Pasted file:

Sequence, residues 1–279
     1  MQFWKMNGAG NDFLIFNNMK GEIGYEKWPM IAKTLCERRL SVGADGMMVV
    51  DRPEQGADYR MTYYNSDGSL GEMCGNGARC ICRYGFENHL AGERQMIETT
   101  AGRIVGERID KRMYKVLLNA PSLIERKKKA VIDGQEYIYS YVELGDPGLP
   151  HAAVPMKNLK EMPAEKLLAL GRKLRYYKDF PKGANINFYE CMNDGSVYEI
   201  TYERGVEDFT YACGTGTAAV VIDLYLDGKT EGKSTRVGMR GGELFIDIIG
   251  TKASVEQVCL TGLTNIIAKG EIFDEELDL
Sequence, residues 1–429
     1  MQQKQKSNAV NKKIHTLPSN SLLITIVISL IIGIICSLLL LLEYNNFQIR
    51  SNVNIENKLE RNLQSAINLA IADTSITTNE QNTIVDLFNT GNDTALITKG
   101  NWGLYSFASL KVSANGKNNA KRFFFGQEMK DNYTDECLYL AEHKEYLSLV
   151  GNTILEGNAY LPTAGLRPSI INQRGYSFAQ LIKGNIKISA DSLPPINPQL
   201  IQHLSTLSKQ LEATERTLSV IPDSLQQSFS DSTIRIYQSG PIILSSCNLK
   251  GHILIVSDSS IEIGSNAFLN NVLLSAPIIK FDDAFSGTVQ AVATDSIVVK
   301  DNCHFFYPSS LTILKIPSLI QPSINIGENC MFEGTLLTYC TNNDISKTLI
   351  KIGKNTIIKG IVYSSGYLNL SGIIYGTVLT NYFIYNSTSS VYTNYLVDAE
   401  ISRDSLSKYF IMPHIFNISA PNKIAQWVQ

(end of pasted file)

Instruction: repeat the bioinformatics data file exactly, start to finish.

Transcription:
Sequence, residues 1–279
     1  MQFWKMNGAG NDFLIFNNMK GEIGYEKWPM IAKTLCERRL SVGADGMMVV
    51  DRPEQGADYR MTYYNSDGSL GEMCGNGARC ICRYGFENHL AGERQMIETT
   101  AGRIVGERID KRMYKVLLNA PSLIERKKKA VIDGQEYIYS YVELGDPGLP
   151  HAAVPMKNLK EMPAEKLLAL GRKLRYYKDF PKGANINFYE CMNDGSVYEI
   201  TYERGVEDFT YACGTGTAAV VIDLYLDGKT EGKSTRVGMR GGELFIDIIG
   251  TKASVEQVCL TGLTNIIAKG EIFDEELDL
Sequence, residues 1–429
     1  MQQKQKSNAV NKKIHTLPSN SLLITIVISL IIGIICSLLL LLEYNNFQIR
    51  SNVNIENKLE RNLQSAINLA IADTSITTNE QNTIVDLFNT GNDTALITKG
   101  NWGLYSFASL KVSANGKNNA KRFFFGQEMK DNYTDECLYL AEHKEYLSLV
   151  GNTILEGNAY LPTAGLRPSI INQRGYSFAQ LIKGNIKISA DSLPPINPQL
   201  IQHLSTLSKQ LEATERTLSV IPDSLQQSFS DSTIRIYQSG PIILSSCNLK
   251  GHILIVSDSS IEIGSNAFLN NVLLSAPIIK FDDAFSGTVQ AVATDSIVVK
   301  DNCHFFYPSS LTILKIPSLI QPSINIGENC MFEGTLLTYC TNNDISKTLI
   351  KIGKNTIIKG IVYSSGYLNL SGIIYGTVLT NYFIYNSTSS VYTNYLVDAE
   401  ISRDSLSKYF IMPHIFNISA PNKIAQWVQ